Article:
PFOA 2005
May 20, 2005. DuPont faces C8 criminal probe.
By Ken Ward Jr. The Charleston Gazette.

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The Charleston Gazette (West Virginia)

May 20 2005

DuPont faces C8 criminal probe

Department of Justice demands company turn over documents

By Ken Ward Jr.
Staff writer

Federal investigators have begun a criminal probe of DuPont Co.’s handling of issues surrounding the toxic chemical C8, company and government officials confirmed Thursday.

The U.S. Department of Justice has demanded that DuPont turn over hundreds of thousands of records concerning the chemical and company studies of its dangers.

In a statement Thursday morning, DuPont said it received a grand jury subpoena for the records on Tuesday.

The statement said the subpoena sought documents “previously produced to the U.S. Environmental Protection Agency and other documents related to those chemicals.”

DuPont spokesman R. Clifton Webb characterized the subpoena as “extensive and comprehensive.”

Webb said DuPont had “been aware of [federal prosecutors’] interest” in the C8 case prior to receiving the subpoena. He declined to say when the company became aware of the investigation.

Ben Pollitt, a Justice Department spokesman, confirmed that the subpoena had been issued, but declined to comment further.

C8 is another name for perfluorooctanoate, and also is known as perfluorooctanoic acid or PFOA.

At its Washington Works plant south of Parkersburg, DuPont has used C8 for more than 50 years, most notably in the production of Teflon.

For years, C8 — and DuPont’s emissions of it — have been basically unregulated. But in the past few years, C8 has come under increasing scrutiny. Fueled in large part by internal DuPont documents uncovered by lawyers for Wood County residents, the EPA has begun a detailed review of the chemical and sued DuPont for allegedly hiding information about C8’s dangers.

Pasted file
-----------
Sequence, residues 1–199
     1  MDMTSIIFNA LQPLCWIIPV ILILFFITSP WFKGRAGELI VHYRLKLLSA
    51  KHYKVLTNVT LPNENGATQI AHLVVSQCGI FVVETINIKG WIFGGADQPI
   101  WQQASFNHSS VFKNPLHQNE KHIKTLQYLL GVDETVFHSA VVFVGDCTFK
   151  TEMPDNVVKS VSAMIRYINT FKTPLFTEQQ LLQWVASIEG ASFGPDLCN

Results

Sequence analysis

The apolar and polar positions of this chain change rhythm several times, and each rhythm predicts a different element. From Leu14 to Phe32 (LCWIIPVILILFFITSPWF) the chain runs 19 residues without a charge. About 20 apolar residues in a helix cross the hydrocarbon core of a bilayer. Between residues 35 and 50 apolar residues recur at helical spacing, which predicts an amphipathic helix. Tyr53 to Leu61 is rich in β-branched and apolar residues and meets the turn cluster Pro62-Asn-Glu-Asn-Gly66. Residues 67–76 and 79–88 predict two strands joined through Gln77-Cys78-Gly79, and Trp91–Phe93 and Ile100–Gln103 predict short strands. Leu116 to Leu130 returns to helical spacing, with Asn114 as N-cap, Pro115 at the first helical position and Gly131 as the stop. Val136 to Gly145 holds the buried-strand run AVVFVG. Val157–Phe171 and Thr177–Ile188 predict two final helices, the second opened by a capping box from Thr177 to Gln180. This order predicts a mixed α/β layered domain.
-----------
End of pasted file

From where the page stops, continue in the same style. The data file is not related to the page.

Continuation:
In February, a Wood County judge approved a $107.6 million settlement of a lawsuit filed against DuPont on behalf of thousands of residents whose drinking water was allegedly poisoned with C8.

Also in February, members of the EPA Science Advisory Board urged the agency to elevate its cancer-causing classification for the chemical and do an even more thorough review of the substance.

Based largely on documents from the residents’ lawyers, the EPA in July 2004 filed a complaint against DuPont under the federal Toxic Substances Control Act and the Resource Conservation and Recovery Act.

In that complaint, the EPA alleged that DuPont had caused “widespread contamination” of drinking water supplies near its Parkersburg plant.
The EPA also alleged that this pollution has created a “substantial risk of injury to the health or the environment.”

DuPont, the EPA alleged, never told the government the company had water tests that showed C8 in residential supplies in concentrations greater than the company’s own internal limit.

Also, the EPA alleged that DuPont withheld — for more than 20 years — the results of a test showing that at least one pregnant worker from the Parkersburg plant had transferred the chemical from her body to her fetus.

That information, the EPA said, supported animal tests showing that C8 “moves across the placental barrier.” The EPA said that agency efforts to understand C8’s health effects “might have been more expeditious” if DuPont had submitted the human test results in 1981.

Further, the EPA alleged that DuPont did not provide the EPA with this information, even after the agency requested it under the terms of the company’s hazardous-waste permit.

Two weeks ago, DuPont revealed that the company and the Bush administration had agreed to settle those allegations.

DuPont told stockholders it had reached “an agreement in principle” with EPA.

The company set aside $15 million to cover the deal, but EPA officials said no penalty amount had yet been set.

Under federal law, DuPont could have faced civil fines of more than $300 million for not reporting information that showed C8 posed “substantial risk of injury to health or the environment.”

In Thursday’s statement, DuPont general counsel Stacey J. Mobley said the company would “be fully responsive” to the subpoena.

“Consistent with our core values, DuPont is committed to operate to the highest standards of ethical behavior and environmental responsibility,” Mobley said.

Asked if DuPont believes any criminal violations have taken place concerning C8, Webb said, “I’m not going to speculate on any kind of outcome, [but] based on the information available to us, we believe we have conducted our activities in an appropriate way.”

To contact staff writer Ken Ward Jr., use e-mail or call 348-1702.

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